• 0 avatar
      economist

      Thank you for your comment. This kind of real-world experience is what I wanted to hear.

      • 0 avatar
        S2k Chris

        I will say this though: I probably could not justify buying the S2000 today. I bought it ~5 months before I got married because I KNEW it would always be pushed back based on whatever life goal happened to pop up in the way. The ONLY reason I can justify keeping the car is because it has long been paid for and costs essentially zero (just insurance and cheap Honda maintenance) for me to own it. I’m also aware that if I were to sell it now, there’s a 99% chance there are no more 2-seaters for me until the kid(s) goes to college. So buying a 2-seat car with kids is not necessarily the same as owning a 2-seat car with kids, if that makes any sense.

  • avatar
    hubcap

    RX8-R3

    1st gen cars had issues with the Renesis engine. Second gen cars (2009-2011) seem to have sorted out those issues. The R3 is the “performance/track” version of the RX-8 and will give you the responsive character you’re looking for.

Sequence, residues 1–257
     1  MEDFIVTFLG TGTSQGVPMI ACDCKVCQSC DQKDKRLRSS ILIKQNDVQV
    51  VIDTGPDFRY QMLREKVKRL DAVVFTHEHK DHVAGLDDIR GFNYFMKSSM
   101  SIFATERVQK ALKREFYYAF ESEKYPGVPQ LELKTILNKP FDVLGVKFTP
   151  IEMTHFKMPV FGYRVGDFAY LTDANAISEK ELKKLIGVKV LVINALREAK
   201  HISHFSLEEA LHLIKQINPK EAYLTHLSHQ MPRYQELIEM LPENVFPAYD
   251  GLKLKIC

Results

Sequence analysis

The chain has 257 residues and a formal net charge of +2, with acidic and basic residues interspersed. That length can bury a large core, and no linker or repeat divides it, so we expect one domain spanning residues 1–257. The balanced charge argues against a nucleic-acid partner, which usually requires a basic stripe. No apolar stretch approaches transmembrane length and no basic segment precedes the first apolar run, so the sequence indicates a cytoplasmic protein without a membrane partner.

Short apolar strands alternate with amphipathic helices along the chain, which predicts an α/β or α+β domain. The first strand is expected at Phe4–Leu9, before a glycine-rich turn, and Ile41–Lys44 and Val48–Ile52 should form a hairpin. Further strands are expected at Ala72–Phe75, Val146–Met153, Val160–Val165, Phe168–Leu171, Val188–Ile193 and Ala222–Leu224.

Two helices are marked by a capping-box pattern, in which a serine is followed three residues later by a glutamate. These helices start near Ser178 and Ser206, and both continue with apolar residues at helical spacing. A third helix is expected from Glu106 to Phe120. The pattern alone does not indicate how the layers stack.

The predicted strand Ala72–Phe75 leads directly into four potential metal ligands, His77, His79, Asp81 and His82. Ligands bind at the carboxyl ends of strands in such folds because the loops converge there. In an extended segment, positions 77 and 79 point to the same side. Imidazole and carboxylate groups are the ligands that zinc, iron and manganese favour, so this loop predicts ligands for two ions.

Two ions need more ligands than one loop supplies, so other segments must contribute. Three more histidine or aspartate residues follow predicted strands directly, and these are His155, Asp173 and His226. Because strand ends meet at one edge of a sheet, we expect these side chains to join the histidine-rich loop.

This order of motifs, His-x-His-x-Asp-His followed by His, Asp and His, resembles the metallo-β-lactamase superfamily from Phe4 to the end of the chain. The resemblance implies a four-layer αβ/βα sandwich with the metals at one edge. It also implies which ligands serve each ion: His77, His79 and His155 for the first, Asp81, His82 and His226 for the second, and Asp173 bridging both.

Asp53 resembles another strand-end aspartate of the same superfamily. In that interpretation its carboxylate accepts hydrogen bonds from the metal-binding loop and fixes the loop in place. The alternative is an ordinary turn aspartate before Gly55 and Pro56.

I don’t know how a rear facing seat will fit, but it is a four door car with adequate space in the back.

    You never gave a price range though it seems you’re willing to sell the TL and purchase something new. In that case, I’d say a WRX. Space for the kiddos in the rear, an engaging car for dad, and it won’t break the bank.

    BOBW (Best of Both Worlds)

  • avatar
    e30gator

    I get the sense that this guy wants a convertible. Pick up a a Z3 or Z4 and never look back, no regrets. Promise.

    If 4 seats are a must (must we always compromise?), how about the nicest classic Saab 900 Turbo you can find? There’ll probably still be enough money left over to repair it if/when the gremilns show up, and you’ll be the envy of all the other dads at parent pick-up.

  • avatar
    Master Baiter

    I don’t think the answer is another sedan like his Acura.

    I say E46 M3 convertible.
    .
    .

  • avatar
    Fred

    I took my kids out individually in my sport car. Unfortunately it was never the whole family. Unless you have more money than I (probably true) and space for all your cars, I’d suggest you give up the fun car idea for awhile and concentrate on your family.

    • 0 avatar
      hubcap

      You word that as if it’s an either/or situation. You can have a fun car and concentrate on your family. They are not mutually exclusive.

      You also seem to be saying because you couldn’t/didn’t do what the OP is considering, then the OP should just forget it. Why? There is a chance, however slight, that the OP’s situation doesn’t mirror your’s.

      • 0 avatar
        Fred